The self motivation is another way to weed out those not ready to commit. The reason to do it is because it will make you a better player not because you were told. Several players from the past season who did not make that commitment are now gone. The coach again brought up the idea of finding the right players to recruit because if they don't follow through on their own development the staff made a recruiting mistake.

As far as working out goes the schedule the coach sets up for the players has a couple of weeks of down time following the season. That is followed by an intense month of spring workouts. Likewise once the players return, they again have an intense period of workouts in September. These sessions are under the direct supervision of Ken White.

In season a team is limited to 20 hours a week of formal workouts such as video sessions and practice. The coach has planned out using about 17 hours a week in October when he has longer training session to go along with the video and workouts. By midseason he is down to 13 or 14 hours a week. With the base established he looks to keep the troops fresh for the final push.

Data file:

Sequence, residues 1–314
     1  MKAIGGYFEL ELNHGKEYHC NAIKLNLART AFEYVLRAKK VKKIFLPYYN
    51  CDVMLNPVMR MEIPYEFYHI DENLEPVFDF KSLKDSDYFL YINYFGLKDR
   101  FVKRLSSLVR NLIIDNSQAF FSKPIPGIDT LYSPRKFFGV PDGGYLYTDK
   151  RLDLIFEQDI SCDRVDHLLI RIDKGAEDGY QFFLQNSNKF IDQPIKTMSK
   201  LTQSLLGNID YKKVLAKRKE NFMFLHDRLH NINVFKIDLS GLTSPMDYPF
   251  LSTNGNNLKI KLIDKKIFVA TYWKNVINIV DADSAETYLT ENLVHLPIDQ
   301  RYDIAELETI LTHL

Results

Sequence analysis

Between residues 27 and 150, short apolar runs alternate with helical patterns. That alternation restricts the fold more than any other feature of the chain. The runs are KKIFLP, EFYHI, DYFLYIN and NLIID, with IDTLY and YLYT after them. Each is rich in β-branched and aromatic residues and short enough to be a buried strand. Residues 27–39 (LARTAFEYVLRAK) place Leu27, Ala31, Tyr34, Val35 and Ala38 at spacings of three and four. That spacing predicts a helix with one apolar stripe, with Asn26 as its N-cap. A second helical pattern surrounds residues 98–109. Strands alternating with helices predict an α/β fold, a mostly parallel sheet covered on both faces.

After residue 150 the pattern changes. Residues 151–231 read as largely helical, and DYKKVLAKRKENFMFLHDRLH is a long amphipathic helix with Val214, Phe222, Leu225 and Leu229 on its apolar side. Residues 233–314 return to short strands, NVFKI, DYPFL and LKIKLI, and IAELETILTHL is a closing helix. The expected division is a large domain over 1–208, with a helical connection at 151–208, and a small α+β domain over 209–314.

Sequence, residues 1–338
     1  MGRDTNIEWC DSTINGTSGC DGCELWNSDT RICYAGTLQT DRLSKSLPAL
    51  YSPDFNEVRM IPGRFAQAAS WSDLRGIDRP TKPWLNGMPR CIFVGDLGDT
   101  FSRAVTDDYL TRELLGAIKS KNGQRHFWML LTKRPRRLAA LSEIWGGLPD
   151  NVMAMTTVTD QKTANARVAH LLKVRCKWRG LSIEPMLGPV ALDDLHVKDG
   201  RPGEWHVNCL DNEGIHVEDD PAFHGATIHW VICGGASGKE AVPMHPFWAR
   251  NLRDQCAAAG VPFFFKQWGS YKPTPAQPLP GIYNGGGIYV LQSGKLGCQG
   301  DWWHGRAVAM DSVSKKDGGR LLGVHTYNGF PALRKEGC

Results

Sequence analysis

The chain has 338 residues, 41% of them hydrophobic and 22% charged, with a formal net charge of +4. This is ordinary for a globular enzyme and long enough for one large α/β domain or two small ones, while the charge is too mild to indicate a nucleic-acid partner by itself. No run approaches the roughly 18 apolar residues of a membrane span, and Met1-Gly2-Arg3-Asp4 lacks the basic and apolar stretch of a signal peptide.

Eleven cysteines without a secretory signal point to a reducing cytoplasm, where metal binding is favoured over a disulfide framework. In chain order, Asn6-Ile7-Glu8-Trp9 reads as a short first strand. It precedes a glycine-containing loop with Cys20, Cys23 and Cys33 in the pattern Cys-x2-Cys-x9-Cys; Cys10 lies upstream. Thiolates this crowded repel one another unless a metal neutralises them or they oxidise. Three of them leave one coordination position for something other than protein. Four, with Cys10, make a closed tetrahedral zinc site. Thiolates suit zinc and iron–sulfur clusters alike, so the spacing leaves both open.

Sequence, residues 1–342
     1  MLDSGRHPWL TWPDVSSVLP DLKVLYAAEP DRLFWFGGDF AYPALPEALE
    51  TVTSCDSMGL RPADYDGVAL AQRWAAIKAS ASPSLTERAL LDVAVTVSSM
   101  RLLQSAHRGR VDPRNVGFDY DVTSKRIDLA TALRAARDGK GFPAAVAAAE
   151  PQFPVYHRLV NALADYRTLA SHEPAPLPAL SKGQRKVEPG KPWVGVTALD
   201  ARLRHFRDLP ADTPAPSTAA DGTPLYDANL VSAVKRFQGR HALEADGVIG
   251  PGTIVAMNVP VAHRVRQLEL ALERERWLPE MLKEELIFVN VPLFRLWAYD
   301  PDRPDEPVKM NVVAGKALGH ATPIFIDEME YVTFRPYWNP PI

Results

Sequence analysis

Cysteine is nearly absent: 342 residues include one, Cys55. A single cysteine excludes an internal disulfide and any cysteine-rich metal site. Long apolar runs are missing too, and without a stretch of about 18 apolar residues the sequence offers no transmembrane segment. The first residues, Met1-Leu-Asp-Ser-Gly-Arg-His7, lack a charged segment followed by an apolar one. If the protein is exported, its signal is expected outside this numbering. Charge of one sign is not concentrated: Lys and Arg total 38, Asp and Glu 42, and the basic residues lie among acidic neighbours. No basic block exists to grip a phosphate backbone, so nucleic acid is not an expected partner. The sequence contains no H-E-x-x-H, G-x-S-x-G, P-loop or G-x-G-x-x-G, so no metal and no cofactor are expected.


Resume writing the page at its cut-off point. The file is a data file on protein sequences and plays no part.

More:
The players academic progress is closely monitored, but again players are being recruited who will do well in school and are motivated to do so on their own.. Likewise he did not feel the need to push his players to take classes in the summer, but instead enjoy the break away from campus. He did say that he had one player take an on line course to get ahead, another, who had transferred in, to get even with his class as he gets ready to graduate. The only freshman in early was Chris Eppich as he was a special case. He will be a Biology major and the conflict of labs and practice conflict.

The coach ended this part of the discussion by pointing out the academic achievements of the entire freshmen class as they enter PC. He also had special praise for Kyle Laughlin who had the highest gpa on the team last year as a freshmen, simply saying, ‘his academic record speaks for itself".

Finally there were the more necessary but mundane things. The biggest thing is a giant calendar which lists out his schedule such as practices, work outs, team meetings. The purpose is both to be organized, and to make sure his plans are in compliance with NCAA regulations. He forwards copies of this to key people at the school, in particular the compliance officer, and he continually updates it.

All in all it's clear that preparation and an eye to the small things before the season begins will go a long way to improving the program. As the opening exhibition game looms only hours away the Providence College hockey team should benefit from all the little things their coach accomplished in the past 6 months.